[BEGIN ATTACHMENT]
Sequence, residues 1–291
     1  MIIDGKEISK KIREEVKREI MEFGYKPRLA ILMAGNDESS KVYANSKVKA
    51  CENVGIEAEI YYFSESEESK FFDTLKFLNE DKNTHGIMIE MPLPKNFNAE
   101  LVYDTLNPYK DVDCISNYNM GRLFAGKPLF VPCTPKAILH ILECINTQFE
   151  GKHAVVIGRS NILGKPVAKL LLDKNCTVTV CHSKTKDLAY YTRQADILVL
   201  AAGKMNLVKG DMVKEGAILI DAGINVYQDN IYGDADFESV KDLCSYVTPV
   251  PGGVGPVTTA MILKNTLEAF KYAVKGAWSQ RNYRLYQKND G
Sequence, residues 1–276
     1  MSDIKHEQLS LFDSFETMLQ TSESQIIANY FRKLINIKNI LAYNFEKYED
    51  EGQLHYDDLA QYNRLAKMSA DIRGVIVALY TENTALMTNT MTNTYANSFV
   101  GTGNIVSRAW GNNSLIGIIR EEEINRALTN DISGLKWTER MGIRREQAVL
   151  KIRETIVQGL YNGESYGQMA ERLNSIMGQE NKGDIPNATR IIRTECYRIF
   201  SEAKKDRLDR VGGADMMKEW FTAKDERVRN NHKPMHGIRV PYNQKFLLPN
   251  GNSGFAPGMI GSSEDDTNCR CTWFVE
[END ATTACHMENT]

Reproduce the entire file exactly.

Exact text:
Sequence, residues 1–291
     1  MIIDGKEISK KIREEVKREI MEFGYKPRLA ILMAGNDESS KVYANSKVKA
    51  CENVGIEAEI YYFSESEESK FFDTLKFLNE DKNTHGIMIE MPLPKNFNAE
   101  LVYDTLNPYK DVDCISNYNM GRLFAGKPLF VPCTPKAILH ILECINTQFE
   151  GKHAVVIGRS NILGKPVAKL LLDKNCTVTV CHSKTKDLAY YTRQADILVL
   201  AAGKMNLVKG DMVKEGAILI DAGINVYQDN IYGDADFESV KDLCSYVTPV
   251  PGGVGPVTTA MILKNTLEAF KYAVKGAWSQ RNYRLYQKND G
Sequence, residues 1–276
     1  MSDIKHEQLS LFDSFETMLQ TSESQIIANY FRKLINIKNI LAYNFEKYED
    51  EGQLHYDDLA QYNRLAKMSA DIRGVIVALY TENTALMTNT MTNTYANSFV
   101  GTGNIVSRAW GNNSLIGIIR EEEINRALTN DISGLKWTER MGIRREQAVL
   151  KIRETIVQGL YNGESYGQMA ERLNSIMGQE NKGDIPNATR IIRTECYRIF
   201  SEAKKDRLDR VGGADMMKEW FTAKDERVRN NHKPMHGIRV PYNQKFLLPN
   251  GNSGFAPGMI GSSEDDTNCR CTWFVE